To begin, they brainstorm several design ideas and make sketches of their molecular modeling robot designs. Then they build their molecular modeling robots in groups and submit them to class critique, modifying their designs to incorporate feedback and suggestions for improvement, and make sure that their designs work (should be similar to Figure 1). Expect students be able to show the teacher that they can control the speed of the molecules with the aid of the sensors.
The staggered and eclipsed conformation positions can be shown through the programming of the robot. The robot can turn the atoms around, resulting in a molecular model simulations that are visual and tangible to students.
Before the Activity
With the Students—Design and Build the Robot
With the Students—Program the Robot
Attachments (Return to Contents)
Investigating Questions (Return to Contents)
How do atoms behave in a molecule? (Answer: Atoms may either share or transfer electrons in a molecule, depending on the type of bond that forms.)
What is the difference in energy requirement between staggered and eclipsed? (Answer: The eclipsed conformation requires more energy to maintain because it is energetically unfavorable.)
Which conformation experiences more steric hindrance? (Answer: The eclipsed conformation experiences more steric hindrance because more atoms are fighting for space.)
Assessment (Return to Contents)
Guessing Game: Ask students to predict: Which conformation requires the most energy? (Answer: Eclipsed conformation because of steric hinderance.)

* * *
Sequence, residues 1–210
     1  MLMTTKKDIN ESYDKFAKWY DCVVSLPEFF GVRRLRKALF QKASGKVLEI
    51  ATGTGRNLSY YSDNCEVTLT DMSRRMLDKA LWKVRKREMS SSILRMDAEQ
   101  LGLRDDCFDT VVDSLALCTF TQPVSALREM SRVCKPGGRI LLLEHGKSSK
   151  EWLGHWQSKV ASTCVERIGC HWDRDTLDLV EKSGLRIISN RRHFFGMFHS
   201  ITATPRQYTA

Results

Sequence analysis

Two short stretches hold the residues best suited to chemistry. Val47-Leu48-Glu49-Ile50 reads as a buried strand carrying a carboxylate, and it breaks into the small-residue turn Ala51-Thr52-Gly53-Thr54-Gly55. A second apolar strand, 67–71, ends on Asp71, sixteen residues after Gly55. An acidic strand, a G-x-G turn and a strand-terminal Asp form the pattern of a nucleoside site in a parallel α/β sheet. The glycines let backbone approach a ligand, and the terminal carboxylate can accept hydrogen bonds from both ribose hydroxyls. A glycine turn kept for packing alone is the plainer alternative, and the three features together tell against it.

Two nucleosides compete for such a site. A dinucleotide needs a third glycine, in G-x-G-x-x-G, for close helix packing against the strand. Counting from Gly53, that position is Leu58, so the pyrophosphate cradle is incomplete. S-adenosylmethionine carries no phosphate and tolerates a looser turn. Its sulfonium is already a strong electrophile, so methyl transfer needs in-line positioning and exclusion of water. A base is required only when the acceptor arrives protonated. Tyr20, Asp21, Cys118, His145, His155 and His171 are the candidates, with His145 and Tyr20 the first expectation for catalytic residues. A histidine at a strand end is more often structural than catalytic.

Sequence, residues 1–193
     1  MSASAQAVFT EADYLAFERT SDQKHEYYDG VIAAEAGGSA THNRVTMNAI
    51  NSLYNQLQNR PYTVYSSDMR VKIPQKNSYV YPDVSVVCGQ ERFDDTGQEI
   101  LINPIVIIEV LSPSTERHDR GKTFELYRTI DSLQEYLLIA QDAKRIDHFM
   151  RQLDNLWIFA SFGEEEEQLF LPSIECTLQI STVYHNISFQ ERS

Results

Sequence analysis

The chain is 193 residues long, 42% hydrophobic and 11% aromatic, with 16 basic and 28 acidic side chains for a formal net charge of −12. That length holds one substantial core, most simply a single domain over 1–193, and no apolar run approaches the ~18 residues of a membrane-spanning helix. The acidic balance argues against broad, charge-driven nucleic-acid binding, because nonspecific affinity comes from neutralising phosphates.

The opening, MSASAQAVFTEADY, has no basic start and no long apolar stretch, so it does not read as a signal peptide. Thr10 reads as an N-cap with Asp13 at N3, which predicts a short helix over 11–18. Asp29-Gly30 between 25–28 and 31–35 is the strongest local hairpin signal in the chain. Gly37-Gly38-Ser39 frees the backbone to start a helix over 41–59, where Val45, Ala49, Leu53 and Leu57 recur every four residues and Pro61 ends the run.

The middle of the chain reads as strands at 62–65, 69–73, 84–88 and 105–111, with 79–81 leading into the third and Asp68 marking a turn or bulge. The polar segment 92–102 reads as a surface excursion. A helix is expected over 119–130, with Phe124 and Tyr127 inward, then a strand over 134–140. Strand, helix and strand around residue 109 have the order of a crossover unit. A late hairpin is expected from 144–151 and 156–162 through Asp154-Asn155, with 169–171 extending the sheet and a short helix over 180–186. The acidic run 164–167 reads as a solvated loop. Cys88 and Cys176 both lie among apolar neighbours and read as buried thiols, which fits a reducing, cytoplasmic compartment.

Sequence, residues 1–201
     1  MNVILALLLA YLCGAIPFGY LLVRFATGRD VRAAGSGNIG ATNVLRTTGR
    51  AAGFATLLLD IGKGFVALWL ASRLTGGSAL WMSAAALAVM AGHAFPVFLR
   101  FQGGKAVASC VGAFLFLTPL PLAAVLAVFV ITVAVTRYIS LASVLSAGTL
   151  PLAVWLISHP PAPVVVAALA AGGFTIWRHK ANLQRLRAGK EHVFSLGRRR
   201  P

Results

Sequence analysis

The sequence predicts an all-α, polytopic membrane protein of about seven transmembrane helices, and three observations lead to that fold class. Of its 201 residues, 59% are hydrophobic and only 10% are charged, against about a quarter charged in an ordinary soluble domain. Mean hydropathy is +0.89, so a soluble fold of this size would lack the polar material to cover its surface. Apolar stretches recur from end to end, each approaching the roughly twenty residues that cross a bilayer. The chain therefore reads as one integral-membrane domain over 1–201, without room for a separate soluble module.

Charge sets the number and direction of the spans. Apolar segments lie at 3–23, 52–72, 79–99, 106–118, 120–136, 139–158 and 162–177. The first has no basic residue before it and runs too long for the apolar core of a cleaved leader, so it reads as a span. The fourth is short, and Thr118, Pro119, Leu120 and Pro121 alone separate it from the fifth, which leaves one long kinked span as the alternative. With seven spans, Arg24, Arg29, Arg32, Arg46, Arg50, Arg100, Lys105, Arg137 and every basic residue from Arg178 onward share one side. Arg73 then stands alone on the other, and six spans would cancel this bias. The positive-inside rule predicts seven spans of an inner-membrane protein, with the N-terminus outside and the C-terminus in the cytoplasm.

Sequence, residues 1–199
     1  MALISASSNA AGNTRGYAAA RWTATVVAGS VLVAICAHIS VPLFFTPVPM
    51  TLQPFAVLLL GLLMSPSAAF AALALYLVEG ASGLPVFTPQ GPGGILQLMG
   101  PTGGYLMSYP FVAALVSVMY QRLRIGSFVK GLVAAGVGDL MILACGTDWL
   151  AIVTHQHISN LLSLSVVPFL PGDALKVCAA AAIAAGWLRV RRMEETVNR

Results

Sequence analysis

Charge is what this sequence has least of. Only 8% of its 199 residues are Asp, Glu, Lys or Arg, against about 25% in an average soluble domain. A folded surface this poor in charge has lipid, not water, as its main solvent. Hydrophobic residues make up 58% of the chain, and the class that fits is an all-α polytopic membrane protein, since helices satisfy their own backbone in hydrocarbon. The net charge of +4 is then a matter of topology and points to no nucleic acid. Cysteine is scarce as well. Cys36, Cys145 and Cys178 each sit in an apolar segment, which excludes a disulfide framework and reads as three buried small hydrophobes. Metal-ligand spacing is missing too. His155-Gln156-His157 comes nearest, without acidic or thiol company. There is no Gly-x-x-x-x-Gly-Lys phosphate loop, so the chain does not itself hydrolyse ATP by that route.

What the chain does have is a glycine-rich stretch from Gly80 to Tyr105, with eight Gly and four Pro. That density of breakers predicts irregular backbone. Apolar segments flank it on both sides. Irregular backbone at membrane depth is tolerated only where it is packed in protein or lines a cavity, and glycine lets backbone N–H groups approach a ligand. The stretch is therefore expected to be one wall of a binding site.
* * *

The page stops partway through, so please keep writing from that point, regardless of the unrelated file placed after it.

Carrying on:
Activity Embedded Assessment
Design a Robot: Ask students what they learned from the robot design and what they learned from the ChemDraw program. (Answer: ChemDraw shows students the molecules with the appropriate sizes and energies, but the molecular modeling robot provides insight on how the robot moves with the different sizes atoms.)
Worksheet: Have students complete the Molecular Modeling Worksheet late in the activity or at activity end. Review their drawings and answers to gauge their comprehension of the material.
Activity Extensions (Return to Contents)
If time permits, challenge students to design their own molecular robot programs to do the same thing but in a different way. For example, vary the size and color of the molecular model atoms so the sensors respond differently and create programs that work with them, generating different data logging results. The robot should be able to recognize different ball sizes with the ultrasonic sensor and different colored atoms with the light sensor. Provide students with different sizes of Styrofoam balls and colors of construction paper to do this.
Challenge students to design a new molecule to deliver a drug in the body. Students should think about where the drug will bind to the molecule (or perhaps whether the molecule will "cage" the drug), and how the molecule will travel through the body (including how hindered the molecule will be due to its structure). Is the goal of this drug to be easy or difficult to break down and release the drug? If time allows, students can model these novel molecular designs with ChemDraw and/or their robots (this new molecule may require robot modification).
Activity Scaling (Return to Contents)
ContributorsJennifer S. Haghpanah, Jill Fonda, Noam Pillischer, Jin Kim Montclare
Copyright© 2013 by Regents of the University of Colorado; original © 2011 Polytechnic Institute of New York University
Supporting Program (Return to Contents)AMPS GK-12 Program, Polytechnic Institute of New York University
Acknowledgements (Return to Contents)
This activity was developed by the Applying Mechatronics to Promote Science (AMPS) Program funded by National Science Foundation GK-12 grant no. 0741714. However, these contents do not necessarily represent the policies of the NSF, and you should not assume endorsement by the federal government.